Let me ask my question by this test program:

#include <iostream>
#include <chrono>

using std::chrono::nanoseconds;
using std::chrono::duration_cast;

int main(int argc, char* argv[])
      << "Resolution (nano) = " 
      << (double) std::chrono::high_resolution_clock::period::num / 
                  std::chrono::high_resolution_clock::period::den * 
                  1000 * 1000 * 1000 
      << std::endl;

    auto t1 = std::chrono::high_resolution_clock::now();
    std::cout << "How many nanoseconds does std::cout take?" << std::endl;
    auto t2 = std::chrono::high_resolution_clock::now();

    auto diff = t2-t1;
    nanoseconds ns = duration_cast<nanoseconds>(diff);

    std::cout << "std::cout takes " << ns.count() << " nanoseconds" 
              << std::endl;
    return 0;

Output on my machine:

Resolution (nano) = 100

How many nanoseconds does std::cout take?

std::cout takes 1000200 nanoseconds

I receive either 1000200 or 1000300 or 1000400 or 1000500 or 1000600 or 2000600 as a result (= 1 or 2 microsecond). Obviously, either the resolution of std::chrono is not 100 nano-seconds or the way I measure the time of std::cout is wrong. (Why do I never receive something between 1 and 2 microseconds, for example 1500000?)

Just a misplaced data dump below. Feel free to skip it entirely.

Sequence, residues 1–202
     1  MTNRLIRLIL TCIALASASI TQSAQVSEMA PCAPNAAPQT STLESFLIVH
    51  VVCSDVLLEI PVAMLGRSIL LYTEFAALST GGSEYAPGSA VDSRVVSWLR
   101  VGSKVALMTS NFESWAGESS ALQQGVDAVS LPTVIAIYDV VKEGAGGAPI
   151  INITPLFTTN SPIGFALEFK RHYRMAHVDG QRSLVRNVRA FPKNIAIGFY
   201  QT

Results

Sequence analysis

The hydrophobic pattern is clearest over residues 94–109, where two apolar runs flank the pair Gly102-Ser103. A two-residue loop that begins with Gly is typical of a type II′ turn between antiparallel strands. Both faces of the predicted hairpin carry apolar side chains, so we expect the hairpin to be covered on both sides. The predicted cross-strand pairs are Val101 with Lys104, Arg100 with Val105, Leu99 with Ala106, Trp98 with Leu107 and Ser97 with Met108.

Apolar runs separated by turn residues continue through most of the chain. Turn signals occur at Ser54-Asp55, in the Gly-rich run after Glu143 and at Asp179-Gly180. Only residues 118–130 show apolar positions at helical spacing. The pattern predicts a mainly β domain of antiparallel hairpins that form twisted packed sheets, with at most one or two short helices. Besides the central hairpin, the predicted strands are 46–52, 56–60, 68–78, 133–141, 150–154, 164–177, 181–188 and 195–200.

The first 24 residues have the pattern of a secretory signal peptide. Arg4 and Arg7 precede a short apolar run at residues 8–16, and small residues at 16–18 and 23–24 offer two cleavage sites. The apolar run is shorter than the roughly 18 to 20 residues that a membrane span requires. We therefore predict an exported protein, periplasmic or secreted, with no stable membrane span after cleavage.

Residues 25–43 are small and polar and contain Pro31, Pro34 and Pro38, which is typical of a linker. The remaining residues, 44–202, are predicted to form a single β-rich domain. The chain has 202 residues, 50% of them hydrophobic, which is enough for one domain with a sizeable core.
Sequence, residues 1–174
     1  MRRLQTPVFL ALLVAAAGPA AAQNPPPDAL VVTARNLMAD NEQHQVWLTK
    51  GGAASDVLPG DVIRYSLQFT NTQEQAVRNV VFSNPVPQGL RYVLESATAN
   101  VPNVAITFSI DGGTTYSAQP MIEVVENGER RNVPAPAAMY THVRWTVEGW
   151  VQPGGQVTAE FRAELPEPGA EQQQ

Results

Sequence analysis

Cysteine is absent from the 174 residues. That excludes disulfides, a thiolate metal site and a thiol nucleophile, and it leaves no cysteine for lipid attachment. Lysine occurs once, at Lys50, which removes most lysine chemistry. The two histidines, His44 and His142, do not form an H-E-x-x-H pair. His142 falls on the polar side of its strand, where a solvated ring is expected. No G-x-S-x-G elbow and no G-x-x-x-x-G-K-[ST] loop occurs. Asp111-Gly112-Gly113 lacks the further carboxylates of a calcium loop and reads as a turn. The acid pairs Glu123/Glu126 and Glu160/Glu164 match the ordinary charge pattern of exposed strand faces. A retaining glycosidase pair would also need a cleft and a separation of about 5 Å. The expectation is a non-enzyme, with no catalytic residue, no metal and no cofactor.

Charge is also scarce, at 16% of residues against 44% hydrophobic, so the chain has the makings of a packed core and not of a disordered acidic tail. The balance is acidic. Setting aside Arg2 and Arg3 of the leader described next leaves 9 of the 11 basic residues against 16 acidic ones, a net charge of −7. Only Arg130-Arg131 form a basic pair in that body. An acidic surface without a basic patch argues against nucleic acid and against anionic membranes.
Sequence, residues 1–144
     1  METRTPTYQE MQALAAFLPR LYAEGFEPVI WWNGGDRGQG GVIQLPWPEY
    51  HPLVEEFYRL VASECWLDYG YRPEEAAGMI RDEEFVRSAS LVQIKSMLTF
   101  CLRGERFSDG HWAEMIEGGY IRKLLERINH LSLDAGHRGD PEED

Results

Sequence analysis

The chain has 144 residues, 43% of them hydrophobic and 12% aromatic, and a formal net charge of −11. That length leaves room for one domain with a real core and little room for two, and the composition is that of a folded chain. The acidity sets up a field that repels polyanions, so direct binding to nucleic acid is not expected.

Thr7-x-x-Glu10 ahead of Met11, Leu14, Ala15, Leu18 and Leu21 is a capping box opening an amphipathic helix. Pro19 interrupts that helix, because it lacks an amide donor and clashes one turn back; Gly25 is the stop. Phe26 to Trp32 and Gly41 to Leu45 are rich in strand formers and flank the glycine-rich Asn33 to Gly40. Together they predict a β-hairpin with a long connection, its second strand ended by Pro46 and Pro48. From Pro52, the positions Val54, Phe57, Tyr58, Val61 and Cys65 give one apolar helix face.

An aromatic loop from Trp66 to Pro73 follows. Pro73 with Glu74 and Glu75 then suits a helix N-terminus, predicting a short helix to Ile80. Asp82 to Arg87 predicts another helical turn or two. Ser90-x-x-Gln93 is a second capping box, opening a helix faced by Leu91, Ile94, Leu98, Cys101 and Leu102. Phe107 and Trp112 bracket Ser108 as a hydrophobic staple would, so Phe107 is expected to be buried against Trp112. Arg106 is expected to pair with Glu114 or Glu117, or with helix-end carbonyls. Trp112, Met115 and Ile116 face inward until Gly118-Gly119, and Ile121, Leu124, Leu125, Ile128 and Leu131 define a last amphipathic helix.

I need a high-resolution timer in C++. The OS itself provides a high-resolution timer, because I'm able to measure things with microsecond-precision using the C# Stopwatch class on the same machine. So I would just need to correctly use the high-resolution timer that the OS has!

How do I fix my program to produce the expected results?

  • 1
    I can't answer the question, but for what it's worth, this code produces correct (nanosecond precision) results on my machine, so the problem is most likely in your library implementation. – Mankarse Apr 30 '13 at 11:58
  • Related: stackoverflow.com/questions/8386128/… – stefan Apr 30 '13 at 11:58
  • Are you using VS2012? – David Apr 30 '13 at 12:01